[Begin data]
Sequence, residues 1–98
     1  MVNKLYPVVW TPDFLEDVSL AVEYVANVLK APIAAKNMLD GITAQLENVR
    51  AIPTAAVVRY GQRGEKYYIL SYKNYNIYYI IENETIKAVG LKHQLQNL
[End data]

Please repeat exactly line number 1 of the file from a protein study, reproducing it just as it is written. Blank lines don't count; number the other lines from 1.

Sequence, residues 1–98